Tim Sae Koo: Yeah I was first and foremost looking at our bank account and I was like wow I’ve never seen this much much and it’s amazing. And at that time it was like you know a couple hundred thousand dollars in the bank account but then we were like, look we can either sit on this money or we can use it to see how much we can continually grow. So we’re like OK let’s start to grow the team because we had actual money to start hiring more developers and start hiring more sales people.


And look we might need some support people too. So in January we brought on two people February we brought on another two people and then March and April brought up one person each month. So at that time starting from four people we had all of a sudden build into like 10 people within the first three months of 2014.

Casey Franco: You’re 23 years old managing a team of 10. Did you even know what to do?

With my limited leadership knowledge in a school setting for student government, I never really thought of it like could I manage that. And how do I how do I lead them. It was more so just acting myself. And at that time myself was look we have this opportunity to build something and if something’s working cause it’s growing.

Let’s just have fun and keep seeing what we can do here. So that’s the kind of culture I really started with and started like just instilling with everybody like look we’re here and this is a rare opportunity. Let’s be grateful and humble about it. But let’s not you know take it for granted. And so everybody when it’s time to work get to work and help each other out. And when it’s time to like relax and you know go on life live and enjoy a little bit of time to do so as well. So that was kind of like my management style, ever since the beginning.

Casey Franco: You seem like a down to earth guy and you talk about you know the culture you built. I’ve read lots of things online about the culture. So what was it about you or starting a company that made you focus so much on this culture. Because you know you hear startups all the time that go out of business because co-founders feud or just because people are harassed wherever may be like what what do you do with the culture that keeps people happy in your company.

Tim Sae Koo: So the main reason why I’m so investing cultures especially in the beginning and as we kept growing was probably because like I wanted to have a place that would be like that and now this was my opportunity and almost my responsibility to see if this could work and potentially inspire others and I would say I’m pretty lucky that I haven’t been jaded or haven’t been exposed to other company cultures because this was my first job.

I was you know quite lucky that I might have been ignorantly blind in this case but it also has a positive side of it. I saw it as my opportunity to just do what I wish or think would be a really great environment. And so that’s sort of been my North Star guiding me throughout you know creating culture within the company. And up till today I would say that that’s still one of the main things why people stay in our company and people enjoy their time there.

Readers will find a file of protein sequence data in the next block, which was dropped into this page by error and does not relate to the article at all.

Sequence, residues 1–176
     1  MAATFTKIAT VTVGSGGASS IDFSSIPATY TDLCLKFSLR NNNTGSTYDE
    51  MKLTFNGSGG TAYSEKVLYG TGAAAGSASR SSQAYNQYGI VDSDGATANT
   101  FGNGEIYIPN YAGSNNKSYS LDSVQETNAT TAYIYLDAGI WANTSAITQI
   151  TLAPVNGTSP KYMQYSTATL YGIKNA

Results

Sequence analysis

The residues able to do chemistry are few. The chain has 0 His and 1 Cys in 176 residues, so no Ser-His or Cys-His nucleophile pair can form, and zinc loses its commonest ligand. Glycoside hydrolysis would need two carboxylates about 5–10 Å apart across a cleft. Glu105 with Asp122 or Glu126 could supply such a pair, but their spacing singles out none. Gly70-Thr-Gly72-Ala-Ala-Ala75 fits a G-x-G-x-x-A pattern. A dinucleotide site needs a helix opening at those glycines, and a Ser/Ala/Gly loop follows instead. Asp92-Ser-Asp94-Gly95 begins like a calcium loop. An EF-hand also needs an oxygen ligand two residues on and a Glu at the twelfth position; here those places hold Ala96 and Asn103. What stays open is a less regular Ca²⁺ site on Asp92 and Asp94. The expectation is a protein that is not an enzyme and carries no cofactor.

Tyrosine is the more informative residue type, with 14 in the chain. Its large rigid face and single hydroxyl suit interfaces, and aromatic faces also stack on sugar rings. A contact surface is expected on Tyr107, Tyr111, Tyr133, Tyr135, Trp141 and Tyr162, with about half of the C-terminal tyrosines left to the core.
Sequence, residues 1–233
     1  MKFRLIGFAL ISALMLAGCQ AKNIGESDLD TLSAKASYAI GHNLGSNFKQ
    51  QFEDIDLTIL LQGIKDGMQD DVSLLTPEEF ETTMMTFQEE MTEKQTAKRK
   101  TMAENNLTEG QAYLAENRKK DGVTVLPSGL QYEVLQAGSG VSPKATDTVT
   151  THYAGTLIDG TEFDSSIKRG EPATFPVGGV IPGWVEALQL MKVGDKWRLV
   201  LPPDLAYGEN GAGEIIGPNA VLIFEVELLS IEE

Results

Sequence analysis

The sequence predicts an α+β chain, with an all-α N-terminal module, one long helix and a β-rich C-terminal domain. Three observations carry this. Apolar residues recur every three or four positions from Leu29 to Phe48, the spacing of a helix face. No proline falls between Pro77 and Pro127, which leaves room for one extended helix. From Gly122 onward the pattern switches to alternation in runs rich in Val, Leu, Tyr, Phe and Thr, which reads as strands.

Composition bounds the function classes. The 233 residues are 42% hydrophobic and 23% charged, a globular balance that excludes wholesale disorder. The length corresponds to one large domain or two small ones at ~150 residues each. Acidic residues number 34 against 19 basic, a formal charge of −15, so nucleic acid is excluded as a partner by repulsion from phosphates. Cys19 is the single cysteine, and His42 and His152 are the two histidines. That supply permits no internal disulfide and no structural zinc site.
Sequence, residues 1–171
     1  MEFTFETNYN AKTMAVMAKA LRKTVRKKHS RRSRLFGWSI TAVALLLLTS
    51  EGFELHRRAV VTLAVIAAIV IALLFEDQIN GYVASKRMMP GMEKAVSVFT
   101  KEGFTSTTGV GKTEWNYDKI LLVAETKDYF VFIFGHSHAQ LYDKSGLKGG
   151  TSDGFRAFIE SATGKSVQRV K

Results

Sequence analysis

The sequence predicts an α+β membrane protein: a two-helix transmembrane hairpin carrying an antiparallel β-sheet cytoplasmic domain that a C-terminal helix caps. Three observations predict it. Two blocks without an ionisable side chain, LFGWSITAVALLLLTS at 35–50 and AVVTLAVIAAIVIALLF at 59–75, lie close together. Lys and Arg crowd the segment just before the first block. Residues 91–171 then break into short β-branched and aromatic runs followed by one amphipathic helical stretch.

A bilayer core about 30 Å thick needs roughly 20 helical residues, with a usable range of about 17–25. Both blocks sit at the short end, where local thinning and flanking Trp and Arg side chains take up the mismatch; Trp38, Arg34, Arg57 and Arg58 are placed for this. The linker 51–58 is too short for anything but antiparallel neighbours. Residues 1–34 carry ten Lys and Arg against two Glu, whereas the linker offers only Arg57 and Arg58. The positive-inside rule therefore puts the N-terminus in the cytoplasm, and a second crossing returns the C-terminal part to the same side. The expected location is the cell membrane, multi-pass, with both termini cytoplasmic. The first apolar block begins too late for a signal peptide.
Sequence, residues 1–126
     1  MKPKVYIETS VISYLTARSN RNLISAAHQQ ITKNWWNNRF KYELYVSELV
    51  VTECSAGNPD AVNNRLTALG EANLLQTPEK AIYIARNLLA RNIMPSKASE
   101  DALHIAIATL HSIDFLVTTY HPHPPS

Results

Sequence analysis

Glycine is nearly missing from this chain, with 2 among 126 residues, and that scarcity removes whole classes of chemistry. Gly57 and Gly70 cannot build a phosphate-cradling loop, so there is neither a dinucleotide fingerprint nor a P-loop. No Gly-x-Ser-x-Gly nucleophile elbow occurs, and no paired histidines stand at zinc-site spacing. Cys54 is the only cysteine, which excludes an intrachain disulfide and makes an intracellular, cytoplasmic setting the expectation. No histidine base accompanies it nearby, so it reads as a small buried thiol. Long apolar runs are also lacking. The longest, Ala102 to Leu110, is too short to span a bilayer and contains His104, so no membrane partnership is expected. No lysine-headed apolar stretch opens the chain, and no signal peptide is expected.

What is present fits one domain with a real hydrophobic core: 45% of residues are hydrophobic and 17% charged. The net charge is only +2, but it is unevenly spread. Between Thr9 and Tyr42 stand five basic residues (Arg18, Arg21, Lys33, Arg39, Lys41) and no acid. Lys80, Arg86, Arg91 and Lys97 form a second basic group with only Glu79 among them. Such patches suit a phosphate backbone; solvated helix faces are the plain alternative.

Casey Franco: What would you say is the most defining part of your company culture that sets you apart?

Tim Sae Koo: So it was in our retreat, our first retreat, in 2014 when we had just brought on you know about five to six people at that time. And when one of the one of the team members was like, “Hey we should come up with some company culture values.” And at that time I was like oh that’s just things on the wall that you paint on it or stickers. What does that actually mean? And when she educated us about it, the co-founders and the other employees were like that makes a lot of sense. These are sort of how we see that these are guiding principles to follow. When you’re lost or you don’t know how to make a decision.

And so I was like absolutely yes, let’s do this. And I think they were looking at me being like, “OK I’m going to come up with all of them.” But naturally because I’ve never done this before and I’ve never been in another company before I was like, “All right so guys what do you guys think we should we should use we should have as a company values.”

That was one of the defining moments of like it was just so natural for me to bring everyone in to participate in creating the foundation of the company. And we came up with our first five core values at that moment and we’ve been following you ever since learning that.

Casey Franco: That’s impressive I give you a lot of credit here. I read a lot about how you’re very transparent. Everyone knows everyone’s salary. Congratulations. I think it’s a pretty big deal.

So at this point, who are some of the big companies that really stood out and helped you grow?

Tim Sae Koo: You know the first big one I remember was Nasdaq out in New York and they had come to us because they we want social content on our big jumbotron in Times Square and were wondering if that was possible. And we’re like yes we can do it. We couldn’t actually really do it at that time. But like yes we can do it. And so we quickly cranked it out and delivered to the customer and they were like, “Wow we like it.” And so they displayed it and we leveraged that and they took a photo and then shared it with us and we were like whoa this is amazing. We realized that our technology now not only could be displayed across many different websites but right in Times Square.

So we think let’s now use this and start convincing other companies and other brands and other organizations out there and we saw slowly but surely we started getting some interest from universities. This one was North Eastern University as one of our earlier educational clients there.

And so that opened up other universities like all around the United States and even in Europe. We had the NBA teams as well utilize our technology we have sports teams like the Dallas Cowboys using our technology and then we still have some celebrities using our technology like Enrique Iglesias.